The stolen base just isn’t sexy anymore.
As the launch angle revolution has taken root and baseball has evolved into a game more about hitting dingers and less about keeping the line moving, larceny on the bases has seemingly fallen out of favor.
That doesn’t mean the steal still doesn’t have it’s place in the game. Especially in Kansas City. And especially in the second half of the season.
Just like old times, speed in general and stolen bases specifically are working to their advantage.
There have been myriad studies done on the stolen base and the success rate that is deemed the break-even point. It fluctuates from season to season and depends on a number of factors, but it generally resides around the 70 percent rate, give or take a few points. Using an equation developed by Bradley Woodrum at Fangraphs in a quest to more accurately peg the break-even rate, the Royals point for stolen base success rate so far this year is at 67.3 percent.
This is positive news, given they are successful around 74 percent of the time. That means the Royals are using the stolen base to advance their offense, which is a very good thing, especially given their first half struggles to generate runs.
For the Royals this year, the steal is largely limited to a couple of players. You know that Whit Merrifield is in the mix to lead the league for the second consecutive season. Alex Gordon has been running more, reaching double digits in swipes for the first time since 2014. Alcides Escobar hasn’t looked the same on the bases since he was taken out by Brett Lawrie at second base on a double play attempt back in 2015, but he’s picking his spots much better and is enjoying a strong success rate this year. Those three have experienced nice success on the bases, but as you are assuredly aware, those three were mainstays in the lineup during the first half of the year while the offense was sputtering.
The most important thief was added to the roster in mid-June, although he didn’t ratchet up the stolen base pressure until the second half. Now, they’re running wild.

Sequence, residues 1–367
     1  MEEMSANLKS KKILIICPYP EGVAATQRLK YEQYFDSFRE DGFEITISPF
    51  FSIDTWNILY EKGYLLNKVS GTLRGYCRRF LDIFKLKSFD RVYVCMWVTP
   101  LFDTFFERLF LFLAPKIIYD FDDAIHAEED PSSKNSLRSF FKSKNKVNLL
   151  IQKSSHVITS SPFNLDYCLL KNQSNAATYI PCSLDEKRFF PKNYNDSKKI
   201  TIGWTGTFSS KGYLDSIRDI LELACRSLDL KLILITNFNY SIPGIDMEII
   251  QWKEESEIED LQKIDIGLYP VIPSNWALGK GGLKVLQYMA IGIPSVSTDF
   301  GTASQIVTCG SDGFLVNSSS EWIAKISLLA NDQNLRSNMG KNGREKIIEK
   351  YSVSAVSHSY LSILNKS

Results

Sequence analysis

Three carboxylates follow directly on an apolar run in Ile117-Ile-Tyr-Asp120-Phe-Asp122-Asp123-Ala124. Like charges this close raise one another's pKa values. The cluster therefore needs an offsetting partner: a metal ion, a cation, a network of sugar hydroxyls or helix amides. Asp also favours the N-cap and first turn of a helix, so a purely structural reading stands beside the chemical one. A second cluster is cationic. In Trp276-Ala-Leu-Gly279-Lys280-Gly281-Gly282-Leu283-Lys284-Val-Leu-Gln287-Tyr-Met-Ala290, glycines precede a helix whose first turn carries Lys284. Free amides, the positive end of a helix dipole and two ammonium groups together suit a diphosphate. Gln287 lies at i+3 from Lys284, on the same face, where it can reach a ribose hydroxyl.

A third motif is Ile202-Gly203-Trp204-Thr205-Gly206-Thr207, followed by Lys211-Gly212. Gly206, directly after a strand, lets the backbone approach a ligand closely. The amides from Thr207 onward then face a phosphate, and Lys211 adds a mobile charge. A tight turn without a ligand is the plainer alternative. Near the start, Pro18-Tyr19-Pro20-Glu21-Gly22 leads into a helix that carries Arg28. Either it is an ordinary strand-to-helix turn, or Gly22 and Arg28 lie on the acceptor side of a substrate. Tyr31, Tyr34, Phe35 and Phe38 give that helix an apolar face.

The addition of Adalberto Mondesi to the everyday lineup has been a high-octane speed injection the Royals desperately needed.
The Royals like to run, and since the All-Star break, Mondesi has formed one half of a dynamic duo of larceny along with Merrifield. Through games Sunday, they are the sixth-most aggressive team in baseball when it comes to taking advantage of their stolen base opportunities. (A stolen base opportunity is defined by Baseball Reference as a plate appearance where a runner was on first or second with the next base open.) By dividing a club’s number of stolen base attempts (adding successful swipes and caught stealing) by their number of opportunities, we can get a rate of how frequently they look to take advantage. This year the league average team is running in 5.12 percent of their stolen base opportunities and is successful 72 percent of the time. Currently, there are nine teams running in greater than six percent of their opportunities.
Nearly every team at the top of the stolen base opportunity percentage leader board is converting those attempts into a solid success rate. The Royals have moved up the leaderboard in the second half, powered by Mondesi, who has been running with abandon.
Individually, there are 12 players who have attempted to swipe a bag in over 20 percent of their opportunities. It won’t surprise you those players are the current speed merchants in today’s game. All of these burners – save two – have stolen more than 20 bags. However, there is a massive gap between the player at the top of the leaderboard and the number two spot.
Mondesi is running as if his career depended upon it, lapping the field by 15 percentage points in taking advantage of his opportunities to steal. Fifteen percentage points! It’s an astonishing rate, even if his sample size is decidedly smaller than most of the group represented above. He’s stealing almost half the time he’s on base with the next bag open. (The list includes all players with more than 200 plate appearances. That seemingly arbitrary number was selected to include Mondesi, who has 231 PAs through games Sunday.) Merrifield, for reference, is 19th in baseball in utilizing his stolen base opportunities, running 16 percent of the time.
In the first half of the season, the Royals scored an average of 3.5 runs per game. In the second half, they’ve upped their offense and their running game, plating 4.3 R/G. The Process 2.0 is still just getting started, but it’s easy to feel better about what we’ve seen since the All-Star Break. It’s not a coincidence that this run of moderate late season success has come as the team jettisoned some veterans and turned their attention to youth. And speed.
Mondesi is the primary motor of the moment. He’s hitting the ball hard, playing strong defense and running wild on the bases. This is the glimpse of the future we were hoping we would find in 2018. It’s amazing what some regular playing time and a little confidence can do. Along with his partner in base stealing crime, Merrifield, these speedsters are creating a helluva threat at the top of the order. Speed doesn’t slump and if the table setters at the top of the order can continue to reach base, the near future suddenly doesn’t look so bleak.